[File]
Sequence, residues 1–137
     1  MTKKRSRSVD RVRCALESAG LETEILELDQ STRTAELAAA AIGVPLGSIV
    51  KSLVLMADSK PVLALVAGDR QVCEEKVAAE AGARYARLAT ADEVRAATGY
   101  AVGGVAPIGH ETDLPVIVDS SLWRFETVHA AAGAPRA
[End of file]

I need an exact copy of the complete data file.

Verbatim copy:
Sequence, residues 1–137
     1  MTKKRSRSVD RVRCALESAG LETEILELDQ STRTAELAAA AIGVPLGSIV
    51  KSLVLMADSK PVLALVAGDR QVCEEKVAAE AGARYARLAT ADEVRAATGY
   101  AVGGVAPIGH ETDLPVIVDS SLWRFETVHA AAGAPRA